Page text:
Discussion Topics and Questions

1. Initial Reaction

When you first opened The New Jim Crow, what beliefs about race, racial progress, and our criminal justice system did you hold? Were you inclined to believe the claim that mass incarceration is “a new Jim Crow”? What biases, stereotypes, or assumptions might influence your thinking about the issues explored in this book? What life experiences have shaped your views?

2. Meaning of Caste

By describing the system of mass incarceration as a “caste” system, The New Jim Crow calls attention to the fact that millions of people labeled as “felons” or “criminals” are barred by law from mainstream society. As explained on page 13, “Like Jim Crow (and slavery), mass incarceration operates as a tightly networked system of laws, policies, customs and institutions that operate collectively to ensure the subordinate status of a group defined largely by race.” Mass incarceration impacts not only those who are under the formal control of the criminal justice system (in prison or jail, on probation or parole), but also the tens of millions who are governed by laws authorizing legal discrimination against people released from prison. How do you feel about describing mass incarceration as a caste system? What might it mean for a nation to be home to a caste-like system while claiming democracy as its foundation?

3. How Close to Home?

Are you, or is anyone you know locked in the second-class status described here—unable to vote or legally discriminated against in employment, housing, education, or access to public benefits? What do you know, personally, about the struggles of those who are part of the undercaste?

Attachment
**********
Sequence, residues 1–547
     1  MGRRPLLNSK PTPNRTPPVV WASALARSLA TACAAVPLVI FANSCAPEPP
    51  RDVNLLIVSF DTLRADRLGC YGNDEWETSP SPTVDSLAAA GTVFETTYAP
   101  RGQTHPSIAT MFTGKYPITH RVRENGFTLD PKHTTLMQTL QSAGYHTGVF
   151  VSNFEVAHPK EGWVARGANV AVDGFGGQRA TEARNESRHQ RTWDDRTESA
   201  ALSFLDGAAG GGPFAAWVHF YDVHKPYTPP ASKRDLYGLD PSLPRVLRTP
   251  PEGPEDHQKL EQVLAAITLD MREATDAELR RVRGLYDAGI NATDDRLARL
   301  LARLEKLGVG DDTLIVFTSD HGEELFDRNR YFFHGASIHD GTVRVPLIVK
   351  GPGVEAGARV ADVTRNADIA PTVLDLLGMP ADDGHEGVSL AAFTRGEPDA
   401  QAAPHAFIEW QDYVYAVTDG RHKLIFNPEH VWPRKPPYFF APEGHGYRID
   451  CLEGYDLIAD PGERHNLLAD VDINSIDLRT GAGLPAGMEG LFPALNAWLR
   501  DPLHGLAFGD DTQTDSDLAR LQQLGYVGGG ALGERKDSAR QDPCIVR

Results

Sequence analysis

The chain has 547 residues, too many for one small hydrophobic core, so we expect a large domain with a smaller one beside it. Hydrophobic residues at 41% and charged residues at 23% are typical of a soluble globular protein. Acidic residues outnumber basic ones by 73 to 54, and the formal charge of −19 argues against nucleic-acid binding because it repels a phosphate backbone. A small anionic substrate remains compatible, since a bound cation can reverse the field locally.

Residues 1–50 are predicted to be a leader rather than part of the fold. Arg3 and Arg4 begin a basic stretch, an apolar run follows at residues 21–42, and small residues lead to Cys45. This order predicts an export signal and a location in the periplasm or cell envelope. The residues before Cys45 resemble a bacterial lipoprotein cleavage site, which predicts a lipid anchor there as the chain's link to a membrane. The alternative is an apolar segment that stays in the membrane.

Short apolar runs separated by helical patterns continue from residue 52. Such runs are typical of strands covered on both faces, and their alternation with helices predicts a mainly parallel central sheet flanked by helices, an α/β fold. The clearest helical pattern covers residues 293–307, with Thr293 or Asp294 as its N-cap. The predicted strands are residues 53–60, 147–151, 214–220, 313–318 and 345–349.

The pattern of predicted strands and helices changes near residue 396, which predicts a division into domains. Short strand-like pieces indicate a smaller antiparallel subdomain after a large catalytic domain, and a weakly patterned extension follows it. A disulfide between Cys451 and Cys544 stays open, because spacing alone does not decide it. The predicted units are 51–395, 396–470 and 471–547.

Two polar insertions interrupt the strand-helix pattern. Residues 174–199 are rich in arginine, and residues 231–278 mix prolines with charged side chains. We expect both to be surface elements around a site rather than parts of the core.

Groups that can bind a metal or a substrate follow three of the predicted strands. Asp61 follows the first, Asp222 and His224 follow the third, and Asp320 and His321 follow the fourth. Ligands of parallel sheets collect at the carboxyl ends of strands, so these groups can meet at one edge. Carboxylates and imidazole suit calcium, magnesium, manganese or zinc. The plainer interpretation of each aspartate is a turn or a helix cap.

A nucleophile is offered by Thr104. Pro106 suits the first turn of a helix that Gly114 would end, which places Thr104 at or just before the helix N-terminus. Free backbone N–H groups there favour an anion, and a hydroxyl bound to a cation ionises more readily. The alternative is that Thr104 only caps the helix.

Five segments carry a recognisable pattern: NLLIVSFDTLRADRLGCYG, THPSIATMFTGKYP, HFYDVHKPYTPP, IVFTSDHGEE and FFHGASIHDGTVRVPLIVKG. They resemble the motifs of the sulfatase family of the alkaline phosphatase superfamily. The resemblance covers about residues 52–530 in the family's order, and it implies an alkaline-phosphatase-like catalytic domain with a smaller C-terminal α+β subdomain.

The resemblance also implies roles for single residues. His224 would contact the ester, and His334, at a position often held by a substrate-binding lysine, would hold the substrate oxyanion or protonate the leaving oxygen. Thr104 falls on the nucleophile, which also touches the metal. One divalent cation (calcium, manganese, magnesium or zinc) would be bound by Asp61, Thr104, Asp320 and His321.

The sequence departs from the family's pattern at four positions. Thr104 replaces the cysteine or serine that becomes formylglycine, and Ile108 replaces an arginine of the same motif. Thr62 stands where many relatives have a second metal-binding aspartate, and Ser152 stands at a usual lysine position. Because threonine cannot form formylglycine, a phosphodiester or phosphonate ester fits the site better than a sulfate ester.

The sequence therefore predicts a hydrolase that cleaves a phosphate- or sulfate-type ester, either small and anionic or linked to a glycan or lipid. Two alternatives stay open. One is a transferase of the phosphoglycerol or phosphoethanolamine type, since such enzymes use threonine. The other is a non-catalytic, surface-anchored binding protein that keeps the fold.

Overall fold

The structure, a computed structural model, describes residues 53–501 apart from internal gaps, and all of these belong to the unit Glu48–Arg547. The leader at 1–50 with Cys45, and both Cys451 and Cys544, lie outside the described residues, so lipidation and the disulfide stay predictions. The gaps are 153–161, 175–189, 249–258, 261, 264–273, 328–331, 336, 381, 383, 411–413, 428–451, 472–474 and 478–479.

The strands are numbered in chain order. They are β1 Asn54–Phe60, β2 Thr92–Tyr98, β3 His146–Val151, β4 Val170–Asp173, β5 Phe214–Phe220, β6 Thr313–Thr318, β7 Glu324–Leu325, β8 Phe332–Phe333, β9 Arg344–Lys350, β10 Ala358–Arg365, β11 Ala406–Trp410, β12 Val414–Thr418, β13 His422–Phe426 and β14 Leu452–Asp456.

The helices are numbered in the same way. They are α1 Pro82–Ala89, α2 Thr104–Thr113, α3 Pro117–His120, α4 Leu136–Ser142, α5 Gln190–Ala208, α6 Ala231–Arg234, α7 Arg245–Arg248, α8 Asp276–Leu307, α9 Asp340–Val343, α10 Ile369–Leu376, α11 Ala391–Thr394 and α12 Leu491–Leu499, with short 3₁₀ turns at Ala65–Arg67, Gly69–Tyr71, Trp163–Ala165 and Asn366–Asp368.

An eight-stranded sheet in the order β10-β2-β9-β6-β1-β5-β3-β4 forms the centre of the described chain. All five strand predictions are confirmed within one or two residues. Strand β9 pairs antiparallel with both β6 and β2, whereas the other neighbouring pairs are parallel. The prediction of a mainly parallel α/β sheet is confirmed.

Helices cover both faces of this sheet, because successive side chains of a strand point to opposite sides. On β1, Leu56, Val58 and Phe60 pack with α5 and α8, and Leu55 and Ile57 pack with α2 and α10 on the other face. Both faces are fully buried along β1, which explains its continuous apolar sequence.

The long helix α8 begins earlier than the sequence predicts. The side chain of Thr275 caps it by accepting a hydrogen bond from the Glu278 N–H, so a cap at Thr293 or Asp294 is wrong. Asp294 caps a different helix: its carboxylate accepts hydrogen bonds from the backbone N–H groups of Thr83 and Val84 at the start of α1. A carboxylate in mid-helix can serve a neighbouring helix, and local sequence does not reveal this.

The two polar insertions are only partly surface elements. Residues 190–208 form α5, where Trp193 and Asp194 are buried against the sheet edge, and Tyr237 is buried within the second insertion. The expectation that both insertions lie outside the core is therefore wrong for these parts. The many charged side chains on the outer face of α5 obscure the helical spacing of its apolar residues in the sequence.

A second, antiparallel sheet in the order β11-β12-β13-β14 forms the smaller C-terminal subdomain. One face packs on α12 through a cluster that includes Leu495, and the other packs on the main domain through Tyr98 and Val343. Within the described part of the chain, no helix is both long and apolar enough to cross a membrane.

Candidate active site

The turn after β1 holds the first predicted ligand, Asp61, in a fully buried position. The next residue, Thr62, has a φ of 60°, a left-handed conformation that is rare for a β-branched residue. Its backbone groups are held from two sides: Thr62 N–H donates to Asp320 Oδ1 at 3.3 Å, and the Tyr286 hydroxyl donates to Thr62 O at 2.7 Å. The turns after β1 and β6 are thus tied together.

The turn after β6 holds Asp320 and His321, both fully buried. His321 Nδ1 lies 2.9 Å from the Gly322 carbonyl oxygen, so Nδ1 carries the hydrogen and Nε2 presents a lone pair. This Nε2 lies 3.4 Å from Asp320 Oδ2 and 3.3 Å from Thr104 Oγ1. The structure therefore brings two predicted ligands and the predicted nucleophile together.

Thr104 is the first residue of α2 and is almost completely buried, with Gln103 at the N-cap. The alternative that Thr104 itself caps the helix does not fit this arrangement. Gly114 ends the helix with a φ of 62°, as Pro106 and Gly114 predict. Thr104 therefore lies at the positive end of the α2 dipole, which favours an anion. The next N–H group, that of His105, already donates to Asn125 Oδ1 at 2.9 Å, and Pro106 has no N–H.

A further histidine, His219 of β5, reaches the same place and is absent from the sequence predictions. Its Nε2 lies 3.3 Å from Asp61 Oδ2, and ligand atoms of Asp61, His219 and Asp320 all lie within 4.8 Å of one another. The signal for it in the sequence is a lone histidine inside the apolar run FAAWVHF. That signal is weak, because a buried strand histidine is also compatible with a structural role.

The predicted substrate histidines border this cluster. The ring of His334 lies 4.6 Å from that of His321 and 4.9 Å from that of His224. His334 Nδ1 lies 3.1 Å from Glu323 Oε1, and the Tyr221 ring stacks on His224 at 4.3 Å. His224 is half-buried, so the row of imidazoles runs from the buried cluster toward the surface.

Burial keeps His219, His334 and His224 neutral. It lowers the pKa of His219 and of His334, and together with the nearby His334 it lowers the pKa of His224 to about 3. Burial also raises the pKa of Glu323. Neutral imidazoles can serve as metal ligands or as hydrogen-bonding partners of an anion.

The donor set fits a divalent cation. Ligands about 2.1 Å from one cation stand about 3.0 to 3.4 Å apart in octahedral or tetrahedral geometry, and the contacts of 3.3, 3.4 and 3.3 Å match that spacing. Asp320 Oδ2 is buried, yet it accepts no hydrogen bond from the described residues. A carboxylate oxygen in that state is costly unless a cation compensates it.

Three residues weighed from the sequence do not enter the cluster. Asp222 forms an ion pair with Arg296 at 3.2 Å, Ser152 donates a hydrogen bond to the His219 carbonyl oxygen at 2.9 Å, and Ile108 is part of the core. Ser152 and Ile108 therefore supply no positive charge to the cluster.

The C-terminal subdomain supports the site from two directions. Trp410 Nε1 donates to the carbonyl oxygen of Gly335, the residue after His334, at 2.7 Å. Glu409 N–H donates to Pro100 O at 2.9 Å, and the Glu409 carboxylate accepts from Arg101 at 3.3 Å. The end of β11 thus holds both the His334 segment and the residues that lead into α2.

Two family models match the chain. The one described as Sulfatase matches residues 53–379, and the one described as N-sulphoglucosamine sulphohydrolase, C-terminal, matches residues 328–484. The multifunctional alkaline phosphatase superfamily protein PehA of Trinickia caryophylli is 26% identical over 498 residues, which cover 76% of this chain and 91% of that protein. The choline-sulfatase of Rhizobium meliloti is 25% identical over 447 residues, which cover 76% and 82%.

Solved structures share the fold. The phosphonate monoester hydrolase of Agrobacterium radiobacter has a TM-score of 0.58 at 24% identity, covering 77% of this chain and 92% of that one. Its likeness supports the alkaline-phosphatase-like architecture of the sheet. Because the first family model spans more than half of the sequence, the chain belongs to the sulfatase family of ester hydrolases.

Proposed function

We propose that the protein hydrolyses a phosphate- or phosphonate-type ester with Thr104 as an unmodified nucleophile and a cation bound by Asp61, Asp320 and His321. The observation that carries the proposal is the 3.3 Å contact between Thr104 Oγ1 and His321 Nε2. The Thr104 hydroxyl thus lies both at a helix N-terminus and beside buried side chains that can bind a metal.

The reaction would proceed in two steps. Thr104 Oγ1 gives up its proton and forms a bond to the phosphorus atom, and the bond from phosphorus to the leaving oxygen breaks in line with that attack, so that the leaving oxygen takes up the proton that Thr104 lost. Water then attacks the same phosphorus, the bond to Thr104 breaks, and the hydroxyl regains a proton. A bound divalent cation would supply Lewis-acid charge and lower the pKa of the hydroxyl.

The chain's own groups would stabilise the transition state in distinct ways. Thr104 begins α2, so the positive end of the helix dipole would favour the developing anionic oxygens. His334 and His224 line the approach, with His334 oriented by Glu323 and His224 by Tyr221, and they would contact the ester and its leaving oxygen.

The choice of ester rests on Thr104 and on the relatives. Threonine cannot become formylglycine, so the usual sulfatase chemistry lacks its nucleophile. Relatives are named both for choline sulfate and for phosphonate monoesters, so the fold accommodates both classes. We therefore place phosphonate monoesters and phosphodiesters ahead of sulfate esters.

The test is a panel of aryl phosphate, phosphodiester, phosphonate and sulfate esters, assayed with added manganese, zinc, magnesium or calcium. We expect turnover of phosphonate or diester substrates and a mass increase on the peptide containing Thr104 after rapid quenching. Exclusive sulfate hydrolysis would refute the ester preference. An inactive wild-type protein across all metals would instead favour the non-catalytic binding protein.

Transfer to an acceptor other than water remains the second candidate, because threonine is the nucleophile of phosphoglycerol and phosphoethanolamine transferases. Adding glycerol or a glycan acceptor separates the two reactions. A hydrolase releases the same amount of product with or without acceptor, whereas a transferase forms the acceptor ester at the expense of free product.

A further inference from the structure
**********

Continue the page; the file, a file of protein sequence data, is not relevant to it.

4. Movement Also Returns

Chapter one’s description of the re-emergence of caste in the United States is tethered to its description of what it has taken to bring past incarnations of caste (slavery and Jim Crow) to an end. The implication is that as caste re-emerges so too do social movements determined to end caste. As you ponder the existence of mass incarceration in the present-day United States, how does it feel to also consider that the ages-old movement for freedom and justice is also here among us? Do you feel a living connection to that old, yet new movement?

5. Narrow Focus

Although the book’s thesis is sweeping in scope, many issues and groups of people are excluded from the analysis. From pages 15–16:

This book paints with a broad brush, and as a result, many important issues have not received the attention they deserve. For example, relatively little is said here about the unique experience of women, Latinos, and immigrants in the criminal justice system, though those groups are particularly vulnerable to the worst abuses and suffer in ways that are important and distinct. This book focuses on the experience of African American men in the new caste system. I hope other scholars and advocates will pick up where the book leaves off and develop the critique more fully or apply the themes sketched here to other groups and other contexts.

Women are the fastest growing segment of our nation’s prison system, with the vast majority of the increase being impoverished African American and Latino women ensnared by the drug war. Latinos are the primary targets of the drug war in some states, and because of rampant immigration arrests, they now represent the majority population in U.S. federal prisons. The fastest growing segment of the private prison industry is private detention centers designed for people suspected of entering the country illegally. Youth of color are entering the juvenile justice system at alarming rates, largely due to what many describe as an inherently racist “School-to-Prison Pipeline.” What is lost by excluding these groups and issues from the book’s analysis? What might be gained by exploring, in depth, the impact of mass incarceration on one particular group? What people and perspectives are missing from your study circle?

6. Racial Bribes

In chapter one, the “divide and conquer” political tactics that helped to birth slavery, Jim Crow, and mass incarceration are explored in detail. Alexander argues that poor whites have repeatedly been offered “racial bribes.” That is, special, largely superficial privileges have been extended to poor whites in an effort to drive a wedge between them and poor blacks. Dr. King made a similar observation fifty years ago: